NEW YORK – Manhattan Borough President Scott Stringer won the Democratic primary for comptroller Tuesday night, ending disgraced ex-Gov. Eliot Spitzer’s surprise bid to reclaim his political career.
Stringer had a 52-percent-to-48-percent lead over Spitzer in incomplete and unofficial returns, with 92 percent of precincts reporting.
Spitzer called Stringer to concede, according to Spitzer spokeswoman Lis Smith.
Stringer will face a Republican and other opponents in November’s general election. Almost 70 percent of city voters are Democrats, and Democrats have held the comptroller’s office for decades.
Stringer has held office for two decades as borough president and a state assemblyman. He was heavily favored in the comptroller race before the former governor jumped into it in July, turning a tame campaign into a slugfest.
Stringer argued that voters should spurn a politician who resigned amid a prostitution scandal. He offered himself as a veteran, untarnished public servant who knows how to work with others to make government work.
“Nobody should be elected to office who resigned in disgrace,” Stringer said at a candidate forum last week. “I have the temperament. I have the experience. ... I will not let you down.”
Spitzer, though, bet that his assertive, ambitious turns as attorney general and governor would persuade the city to give him another chance after illegal liaisons spurred his resignation five years ago.
His message was simple: “I made mistakes, but I made a difference.”
That resonated with Paulette Esrig, 81, a retired schoolteacher who voted for him Tuesday at a precinct in Manhattan’s Chelsea neighborhood.
“I picked him not because I approve of his personal life at all, but I felt he was well qualified,” she said.
But other voters said Spitzer’s past scandal drove them to pull levers for Stringer, even if they didn’t know much about him despite his 20 years as borough president and a former state assemblyman.
“He’s not my favorite, but I think Spitzer is an abomination,” said Jullian Stark, 55, a college biology professor, who also voted in Chelsea.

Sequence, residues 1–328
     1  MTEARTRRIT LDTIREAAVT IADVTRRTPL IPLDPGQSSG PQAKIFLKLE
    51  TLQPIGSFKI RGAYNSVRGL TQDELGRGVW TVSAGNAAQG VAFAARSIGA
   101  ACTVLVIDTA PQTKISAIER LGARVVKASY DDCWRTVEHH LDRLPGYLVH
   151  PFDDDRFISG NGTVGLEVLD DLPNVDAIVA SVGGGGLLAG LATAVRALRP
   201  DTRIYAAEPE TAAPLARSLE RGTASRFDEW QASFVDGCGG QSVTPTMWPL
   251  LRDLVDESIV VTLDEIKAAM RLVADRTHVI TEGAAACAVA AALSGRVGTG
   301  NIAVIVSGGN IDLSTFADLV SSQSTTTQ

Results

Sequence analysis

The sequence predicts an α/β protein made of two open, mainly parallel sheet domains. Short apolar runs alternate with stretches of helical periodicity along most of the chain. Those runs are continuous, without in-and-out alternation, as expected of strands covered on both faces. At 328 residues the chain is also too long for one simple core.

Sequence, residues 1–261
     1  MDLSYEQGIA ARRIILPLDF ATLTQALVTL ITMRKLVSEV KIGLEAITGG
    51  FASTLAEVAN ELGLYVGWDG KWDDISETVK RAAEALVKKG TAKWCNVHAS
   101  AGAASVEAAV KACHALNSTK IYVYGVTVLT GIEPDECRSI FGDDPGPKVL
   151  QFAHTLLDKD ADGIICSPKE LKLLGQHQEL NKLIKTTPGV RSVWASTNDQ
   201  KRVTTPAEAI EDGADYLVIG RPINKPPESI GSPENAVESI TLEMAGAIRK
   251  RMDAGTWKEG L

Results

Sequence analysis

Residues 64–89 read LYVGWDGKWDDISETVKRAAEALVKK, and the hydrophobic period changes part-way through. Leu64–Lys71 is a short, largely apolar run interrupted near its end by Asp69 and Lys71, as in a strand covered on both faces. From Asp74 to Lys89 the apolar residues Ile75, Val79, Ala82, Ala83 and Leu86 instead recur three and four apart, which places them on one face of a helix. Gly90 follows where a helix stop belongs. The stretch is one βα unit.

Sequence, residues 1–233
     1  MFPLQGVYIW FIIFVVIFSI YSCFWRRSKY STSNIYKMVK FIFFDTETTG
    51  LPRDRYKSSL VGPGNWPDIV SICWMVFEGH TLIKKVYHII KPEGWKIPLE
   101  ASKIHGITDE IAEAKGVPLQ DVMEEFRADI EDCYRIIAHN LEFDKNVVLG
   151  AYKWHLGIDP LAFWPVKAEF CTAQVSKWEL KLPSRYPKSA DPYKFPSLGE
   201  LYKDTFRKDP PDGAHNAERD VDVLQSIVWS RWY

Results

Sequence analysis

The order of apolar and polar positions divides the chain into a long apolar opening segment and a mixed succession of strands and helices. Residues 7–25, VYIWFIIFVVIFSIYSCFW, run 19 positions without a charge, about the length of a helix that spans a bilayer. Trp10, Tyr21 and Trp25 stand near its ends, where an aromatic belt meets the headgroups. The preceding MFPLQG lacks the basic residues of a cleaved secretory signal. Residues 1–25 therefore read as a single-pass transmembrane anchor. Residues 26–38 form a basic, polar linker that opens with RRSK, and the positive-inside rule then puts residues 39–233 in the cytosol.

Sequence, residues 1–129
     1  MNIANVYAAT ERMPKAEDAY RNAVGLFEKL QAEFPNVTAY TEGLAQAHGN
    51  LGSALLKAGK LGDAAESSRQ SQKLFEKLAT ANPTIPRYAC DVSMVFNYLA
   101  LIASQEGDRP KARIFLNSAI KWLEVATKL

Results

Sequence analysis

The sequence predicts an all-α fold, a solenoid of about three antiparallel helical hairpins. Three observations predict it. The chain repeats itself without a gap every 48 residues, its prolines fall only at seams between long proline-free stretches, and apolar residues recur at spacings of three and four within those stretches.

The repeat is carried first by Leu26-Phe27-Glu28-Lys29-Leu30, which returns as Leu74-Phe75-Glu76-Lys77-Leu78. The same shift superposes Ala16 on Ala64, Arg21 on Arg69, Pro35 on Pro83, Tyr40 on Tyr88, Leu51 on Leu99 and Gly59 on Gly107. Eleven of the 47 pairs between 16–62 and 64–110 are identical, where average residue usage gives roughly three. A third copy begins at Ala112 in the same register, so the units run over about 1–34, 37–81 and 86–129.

Spitzer stepped down after being identified as a client of an escort service that was under federal investigation. The married Spitzer was never criminally charged but later acknowledged he’d paid for sex.
Spitzer unexpectedly plunged back into campaigning just four days before the deadline to get on the primary ballot. Dubbed “the sheriff of Wall Street” as attorney general, he styled himself as a leader unafraid to take on powerful interests or take up unpopular causes.
But where Spitzer trumpeted “independence,” Stringer shot back with “integrity.” He branded the ex-governor a master of hubris who was using his personal fortune to seek political redemption after breaking laws he swore to uphold.
Spitzer dismissed his opponent as “a status-quo voice for 20 years” who didn’t have the spirit or skills to make the city’s chief financial office a greater force for accountability in government and change in corporate practices.
Much of the city’s Democratic political establishment rallied around Stringer, and he was endorsed by newspapers including the Daily News, the New York Post and The New York Times.
Exit polls conducted by Edison Media Research for The Associated Press and other news organizations showed the vote divided by race, with Spitzer leading among black voters by a wide margin and Stringer carrying the white vote by a similarly large spread, with Hispanics split about evenly between the two. The preliminary exit poll of 2,035 Democratic primary voters was conducted in a random sample of 40 precincts citywide.
The comptroller audits city agencies, analyzes the budget and invests city workers’ nearly $140 billion pension funds, among other responsibilities. Incumbent John Liu entered the mayor’s race instead of seeking re-election.
Adding to the unconventional comptroller race, former madam Kristin Davis declared a third-party candidacy in April and was arrested in August on prescription drug sale charges; she denies them. She ultimately didn’t file petitions to get on the ballot, according to the city Board of Elections.
Associated Press writer Jake Pearson and AP Radio Correspondent Julie Walker contributed to this story.